remained elevated near to the exploitation front after the ruina montium was conducted. They
are common in the area and show vertical cliffs intersecting in different directions that cannot
be explained by any geological process observed in the area, but only by the collapse of human
made galleries. In our visit, we will go inside La Cuevona, one of these galleries that did not
collapse. Another gallery is observed in Fig. 6 (indicated by a red arrow).
Fig. 5.- Exploitation system of the ruina montium (Sánchez-Palencia et al., 1996).
Fig. 6.- Landscape of Las Médulas. The red arrow indicates a gallery made during the mining
Due to its high interest, we give here the full description of the ruina montium as given by
Pliny the Elder in the book 33 of his Naturalis Historia (translation slightly modified from Bird,
2004). Pliny saw himself the works in situ during his stay in NW Spain in 74, five years before
his death during the same eruption of mount Vesuvius that destroyed Pompeii and
[70] The third method has surpassed the achievements of the Giants. Mountains are hollowed out by
underground passages [cuniculi] driven over great distances by the light of lamps. The same light is the
measure of the shifts, and for many months daylight is not seen. This class of working they call arrugiae,
and collapses occur suddenly and crush the miners, and so arches [fornices] are left at frequent intervals
to support the mountains.
[71] Silex (quartzite?) occurs in both types of mine. They break it with fire and vinegar, but more
often, since that process chokes the galleries with fumes and smoke, they cut it to pieces with crushing
machines [fractaria] carrying 150 pounds of iron (aprox. 50 Kg), and they carry out the debris on their
backs through the gloom by night and day, passing it on to the next in line; and the last one sees the light
of day. If the silex seems too thick, the miner follows its edge and circumvents it, and yet working in silex
is considered easier, [72] for there is a kind of earth composed of a sort of clay mixed with gravel -they
call it gangadia -which is almost impossible to overcome. They attack it with iron wedges and the
hammers mentioned above.
When the operation has been completed, they cut through the necks of the arches [fornices] starting
from the furthest end. A subsidence gives the signal, and the only one who notices it is the watchman on
the top of the mountain. [73] He, by shouts and by signal, gives the order for the workmen to be called out
and at the same time himself flies down (from his station). The shattered mountain falls right away from
itself with a roar that cannot be imagined by the human mind, and with an equally incredible rush of air;
the conquerors observe the collapse of nature. And yet there is no gold so far, nor were they sure there
was to be any when they were digging, and it was reason enough for such dangers and expense to hope
for what they desired.
[74] There is another operation, equally laborious, and even involving greater expense. They have
previously led rivers flowing along the ridges of mountains for the washing of the collapsed material and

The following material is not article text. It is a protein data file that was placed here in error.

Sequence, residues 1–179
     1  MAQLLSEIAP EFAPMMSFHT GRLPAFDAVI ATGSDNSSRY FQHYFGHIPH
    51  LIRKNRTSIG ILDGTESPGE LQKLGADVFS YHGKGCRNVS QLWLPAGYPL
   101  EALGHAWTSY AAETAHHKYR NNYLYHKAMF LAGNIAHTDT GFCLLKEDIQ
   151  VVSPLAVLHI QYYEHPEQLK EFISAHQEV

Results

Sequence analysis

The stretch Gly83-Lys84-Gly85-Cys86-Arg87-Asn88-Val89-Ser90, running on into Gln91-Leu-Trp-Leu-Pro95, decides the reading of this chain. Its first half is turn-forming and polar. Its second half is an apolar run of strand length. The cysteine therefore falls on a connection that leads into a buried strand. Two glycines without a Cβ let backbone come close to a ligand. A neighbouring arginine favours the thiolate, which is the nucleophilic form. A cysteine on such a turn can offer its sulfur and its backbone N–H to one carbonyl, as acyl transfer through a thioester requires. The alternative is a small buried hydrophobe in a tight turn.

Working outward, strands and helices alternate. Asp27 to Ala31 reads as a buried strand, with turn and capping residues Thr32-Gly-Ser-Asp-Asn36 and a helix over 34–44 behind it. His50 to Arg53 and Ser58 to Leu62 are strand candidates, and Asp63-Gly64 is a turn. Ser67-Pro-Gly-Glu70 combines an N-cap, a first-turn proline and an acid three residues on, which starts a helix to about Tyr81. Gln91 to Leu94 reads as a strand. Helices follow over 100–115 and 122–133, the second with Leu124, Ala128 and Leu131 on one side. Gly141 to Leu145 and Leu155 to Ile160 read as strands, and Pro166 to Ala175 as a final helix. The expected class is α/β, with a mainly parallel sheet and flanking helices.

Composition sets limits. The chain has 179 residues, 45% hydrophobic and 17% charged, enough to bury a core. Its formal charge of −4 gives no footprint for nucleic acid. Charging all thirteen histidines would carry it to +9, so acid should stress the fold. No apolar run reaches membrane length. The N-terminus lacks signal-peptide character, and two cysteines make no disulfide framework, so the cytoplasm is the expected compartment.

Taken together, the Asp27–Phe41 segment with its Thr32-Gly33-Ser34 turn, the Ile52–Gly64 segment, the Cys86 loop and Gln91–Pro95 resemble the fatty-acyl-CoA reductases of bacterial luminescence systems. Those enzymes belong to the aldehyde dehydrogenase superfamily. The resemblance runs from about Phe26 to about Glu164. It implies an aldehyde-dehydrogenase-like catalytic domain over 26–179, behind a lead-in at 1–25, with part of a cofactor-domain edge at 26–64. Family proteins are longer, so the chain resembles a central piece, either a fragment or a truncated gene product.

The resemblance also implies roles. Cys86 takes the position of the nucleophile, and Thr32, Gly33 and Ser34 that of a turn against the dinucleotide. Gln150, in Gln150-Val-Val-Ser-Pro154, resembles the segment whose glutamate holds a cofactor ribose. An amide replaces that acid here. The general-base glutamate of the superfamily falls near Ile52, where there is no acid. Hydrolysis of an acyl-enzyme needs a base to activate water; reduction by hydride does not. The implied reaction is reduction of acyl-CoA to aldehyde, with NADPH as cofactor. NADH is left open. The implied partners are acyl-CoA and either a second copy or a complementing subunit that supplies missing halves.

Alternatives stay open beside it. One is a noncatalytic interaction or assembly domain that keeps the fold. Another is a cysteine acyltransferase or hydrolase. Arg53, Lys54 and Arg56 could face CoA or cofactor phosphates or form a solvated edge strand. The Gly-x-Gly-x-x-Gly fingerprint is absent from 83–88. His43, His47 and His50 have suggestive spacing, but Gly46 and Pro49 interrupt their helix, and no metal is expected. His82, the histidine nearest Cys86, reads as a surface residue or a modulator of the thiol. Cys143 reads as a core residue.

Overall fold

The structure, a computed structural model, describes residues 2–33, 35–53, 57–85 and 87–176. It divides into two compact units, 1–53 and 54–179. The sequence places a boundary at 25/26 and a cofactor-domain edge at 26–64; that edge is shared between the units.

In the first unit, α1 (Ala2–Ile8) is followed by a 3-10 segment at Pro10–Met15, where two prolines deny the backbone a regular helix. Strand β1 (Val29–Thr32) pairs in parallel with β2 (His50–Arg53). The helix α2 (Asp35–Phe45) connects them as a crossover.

often from a hundred miles away (this should be 148 km; it is not real). They call (the channels) corrugi, I
believe from conrivatio. And this involves a thousand tasks: the fall of the water (at the mine) must be
headlong, so that it rushes down rather than flows, and so it is led from the highest places. Valleys and
gaps are bridged by built-up channels. Elsewhere impassable rocks are cut away and compelled to
provide a bed for hollowed-out wooden troughs. The man who does the cutting hangs from ropes, so that
to someone looking from afar he has the appearance not just of a wild beast but a winged one. [75] They
take the levels for the most part suspended by ropes and mark out the lines for the course, and where
there is not room for someone's feet to stand, streams are led by man. Also (there is) a fault in the
washing if the flowing stream brings down mud in its flow; this kind of earth they call urium. Therefore
they make the course through rocks or pebbles and they avoid the urium. At the head of the drop on the
brow of the mountain they dig out reservoirs, 200 feet on each side (59.2 m) and 10 in height (2.960 m).
In these they leave five outlets roughly three feet square (0.26 m2), so that when the tank is full and the
blocks are struck away a torrent shoots out with such force that it can roll boulders forward.
[76] Even now there is another task on the level ground. Ditches are dug out -they call them agogae -
through which the torrent of water can flow, and they are strewn at intervals with ulex. This bush is like
rosemary, rough and able to catch the gold. The sides (of the agogae) are enclosed with boards and the
channels are supported over broken ground, Thus the earth flowing onwards slides away into the sea,
and the shattered mountain is washed away, and owing to these causes Hispania has already moved its
earth from afar into the sea. The debris which is removed with tremendous effort in the previous method,
so that it does not choke the shafts [putei], in this method is carried away by water. [77] Gold sought by
arrugia is not smelted, but has its own properties at once. Thus nuggets [massae] are found, not as in
shafts, and exceeding 10 pounds (3.29 Kg); they call them palagae, others palacurnae, and what is
smallest balux. The ulex (from the agogae) is dried, burned and its ash washed over grassy turf so that
the gold settles.
[78] Some have shown that Asturia, Callaecia and Lusitania yield 20,000 pounds (6.5 tons) in a
single year by this method in such a way that Asturia produces the most. And in no other part of the
world has there been this abundance over such a long period.
Another interesting aspect is the great amount of debris resulting from the washing